The Godless Land

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I.

Shaking, Pietro held the blade of his dagger to the man’s neck.

“Come on!” his father cajoled him. “If we let him live, he’ll tattle and we’ll have to give up the gold and maybe get in trouble.”

Pietro looked into the man’s eyes. They were pleading. Did this man have a wife? Children? Were they counting on him? Would they mourn his death for the rest of their lives? They would never see him again.

“You’re soft,” his father said. “I raised a softy, didn’t I?”

“I’m sorry,” said Pietro. “I can’t do it.”

The father stepped behind him and drove a dagger up into the man’s back. The man’s eyes rolled up in the back of his head and Pietro winced as he collapsed to the floor, bleeding.

His father wiped the blood off his blade with a gauze. “I’m real disappointed in you. Your grandfather would be ashamed. Hell, I’m ashamed.”

“I’m sorry, father,” Pietro said. “When I look into his eyes—”

“Don’t look into the eyes, then, if it bothers you!” his father shouted. “You’re a wimp, boy. A wimp!” He glared. “Now mother’s winter fete is going until midnight. Once that’s done, I’m taking you and we’re going to old man Arturo’s house, and you, my son, are going to kill him. Either that, or I’ll kill you.”

Arturo was a harmless, senile man who paid Pietro’s father a monthly sum to “keep him safe.” The payment was injustice enough. Pietro couldn’t kill Arturo.

As they walked back home, Pietro thought to himself. He didn’t know if the murderer was really his father. He had often suspected he was adopted: his hair was wild and untamed and dark black, unlike the white-blonde of his mother and the reddish-brown of his father; and he was hairy, unlike them, and he couldn’t kill like they could.

The city where he lived was an equal recipient of his hatred – the city of Peregoth, the grand capital of the whole empire – even though it was the world center of trade, and people flocked here for opportunity. It was corrupt: corrupt like a great tree rotting from the inside, with the outward appearance of might, yet ready, at any second, to collapse.

At age sixteen, the age he officially became a man, his parents had begun taking him along on their “jobs,” and only then had he learned of their true business and that they were rich because they stole, extorted, embezzled, and murdered.

The fete was in full swing and the high society of Peregoth had gathered in the grand hall. In the corner, his mother was holding a goblet of wine and laughing with the captain of the City Watch; Pietro didn’t think the high-ranking official knew about the source of their wealth, but he wasn’t sure he would care.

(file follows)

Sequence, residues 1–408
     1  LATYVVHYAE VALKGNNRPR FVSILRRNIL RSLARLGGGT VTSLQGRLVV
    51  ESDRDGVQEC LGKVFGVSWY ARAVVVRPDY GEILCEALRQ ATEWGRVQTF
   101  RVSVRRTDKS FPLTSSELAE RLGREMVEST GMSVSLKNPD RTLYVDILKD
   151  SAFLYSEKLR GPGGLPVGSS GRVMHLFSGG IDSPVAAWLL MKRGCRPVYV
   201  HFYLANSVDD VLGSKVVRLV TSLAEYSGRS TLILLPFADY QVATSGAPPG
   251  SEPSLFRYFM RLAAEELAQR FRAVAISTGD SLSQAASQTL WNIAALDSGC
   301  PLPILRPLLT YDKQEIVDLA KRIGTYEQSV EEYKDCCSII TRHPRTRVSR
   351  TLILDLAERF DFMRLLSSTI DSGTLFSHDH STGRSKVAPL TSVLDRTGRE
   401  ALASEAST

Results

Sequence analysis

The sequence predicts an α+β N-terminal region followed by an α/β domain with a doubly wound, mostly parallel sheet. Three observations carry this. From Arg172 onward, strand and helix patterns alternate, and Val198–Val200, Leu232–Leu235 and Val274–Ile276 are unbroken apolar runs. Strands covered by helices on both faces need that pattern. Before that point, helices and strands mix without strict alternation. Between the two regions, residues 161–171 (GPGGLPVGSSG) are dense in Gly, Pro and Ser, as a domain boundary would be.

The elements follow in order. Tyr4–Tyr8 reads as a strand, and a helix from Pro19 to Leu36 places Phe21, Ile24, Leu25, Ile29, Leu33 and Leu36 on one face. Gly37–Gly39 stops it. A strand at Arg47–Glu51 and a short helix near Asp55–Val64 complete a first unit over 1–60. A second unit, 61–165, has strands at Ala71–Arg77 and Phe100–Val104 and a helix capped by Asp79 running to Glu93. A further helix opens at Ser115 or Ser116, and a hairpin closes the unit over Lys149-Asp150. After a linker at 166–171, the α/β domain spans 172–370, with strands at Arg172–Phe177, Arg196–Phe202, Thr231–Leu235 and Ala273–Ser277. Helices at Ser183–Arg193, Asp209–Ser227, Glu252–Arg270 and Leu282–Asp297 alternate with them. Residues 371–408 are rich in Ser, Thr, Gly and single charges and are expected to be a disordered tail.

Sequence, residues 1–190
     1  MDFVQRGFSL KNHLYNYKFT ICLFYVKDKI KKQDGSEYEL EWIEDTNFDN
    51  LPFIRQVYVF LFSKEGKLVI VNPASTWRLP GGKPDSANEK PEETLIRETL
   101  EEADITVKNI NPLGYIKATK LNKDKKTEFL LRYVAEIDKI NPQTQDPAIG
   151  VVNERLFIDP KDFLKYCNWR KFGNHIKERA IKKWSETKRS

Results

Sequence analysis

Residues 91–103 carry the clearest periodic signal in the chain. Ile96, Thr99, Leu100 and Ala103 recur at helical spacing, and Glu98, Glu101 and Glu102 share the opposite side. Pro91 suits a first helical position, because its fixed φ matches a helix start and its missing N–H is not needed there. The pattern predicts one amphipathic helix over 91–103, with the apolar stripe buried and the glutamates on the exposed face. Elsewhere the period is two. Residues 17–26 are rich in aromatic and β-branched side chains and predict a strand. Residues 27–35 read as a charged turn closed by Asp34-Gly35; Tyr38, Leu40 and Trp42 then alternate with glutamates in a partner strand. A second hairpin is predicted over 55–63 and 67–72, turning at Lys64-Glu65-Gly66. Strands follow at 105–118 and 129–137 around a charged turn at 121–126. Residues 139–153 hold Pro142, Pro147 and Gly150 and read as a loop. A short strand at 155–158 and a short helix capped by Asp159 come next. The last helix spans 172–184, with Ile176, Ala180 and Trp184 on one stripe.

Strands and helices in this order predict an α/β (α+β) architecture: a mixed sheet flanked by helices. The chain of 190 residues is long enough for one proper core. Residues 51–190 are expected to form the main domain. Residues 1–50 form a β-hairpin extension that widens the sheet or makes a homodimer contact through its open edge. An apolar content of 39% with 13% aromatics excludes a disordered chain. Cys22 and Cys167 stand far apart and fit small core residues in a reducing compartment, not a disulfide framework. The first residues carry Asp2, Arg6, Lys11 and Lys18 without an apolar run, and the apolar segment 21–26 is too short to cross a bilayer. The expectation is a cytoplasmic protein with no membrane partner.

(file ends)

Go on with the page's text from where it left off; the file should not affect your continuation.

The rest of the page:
Pietro went upstairs to his room. He could not murder Arturo and live with it; he could not live with the image of the old man’s innocent, pleading eyes. Even now, he didn’t think he would be able to live after seeing his father kill that man. At least, he could not live with his parents. When he was young, he thought he loved them.

He put on a cloak and climbed out through the window. Little by little he descended, taking advantage of footholds where he could. He got down to the ground floor and felt the cold of the stone on his bare feet.

And he ran, and the sound of the fete—the pipes and pouring wine and laughter and idle chatter—fled away from him, and he never saw his parents again.

An hour passed in the dimly-lit, shadowy streets of Peregoth, and Pietro remembered that of all parts of the city, the docks were the most busy – and therefore, he guessed, the least dangerous – at night. He hurried through the streets, and made it to Harbor District, the city’s center of trade, where the noise of flutes and violins and singing echoed and scent of roast meat and vegetables wafted up in the starry night.

He went into a tavern, where some half-clothed woman was performing an exotic southern dance on a table. A swarthy sailor, surrounded by cronies, sat in the corner with a mug of ale.

“Hey, boy!” he called out.

“Yes?” said Pietro.

“What’s your name?”

“Pietro!” he said, and crossed the room.

“You look sad. What’s bothering you?”

“Well, my mother and my father are criminals, and they want me to kill people and I can’t do it, by gods, I can’t do it,” Pietro said, surprised at how honest he was being, “and I just want to leave this horrible city and never see it again, because I hate it here so much—” He was tearing up.

“Well,” the sailor said, “The name’s Lefty – Lefty ’cause I fight with my left hand – and I can take you away from here. We’re going south, far south, further than the maps show. Further than hardly anyone besides us have gone before. Beyond the southern kingdoms, into what is known as the tropics. We’re bringing back a shipment and we could use an extra hand. We leave tomorrow morn.”

Pietro lifted up his dagger. “I’ve got this. I can come, and I’ll be a great help!”

“I’m sure you will be,” said Lefty. “Now have a seat and I’ll buy you a drink. How’s a dark northern ale sound?”

“Great!” Pietro said.

Lefty sure seemed nice, and definitely not a murderer, and his ship would take Pietro far from his murderous “parents” and far from the great city that sat proudly on many waters, soon to collapse with the gravity of its corruption.

They set sail the next morning and Pietro stood on the quarterdeck, smiling the whole way as the winds blew and they left the harbor. The gigantic bronze Colossus that peered over the thousands and thousands of ships – painstakingly built centuries ago in an effort to guide sailors – grew smaller and smaller in the horizon. Soon they were gone from the busy, well-traversed waters around Peregoth and the surrounding islands.

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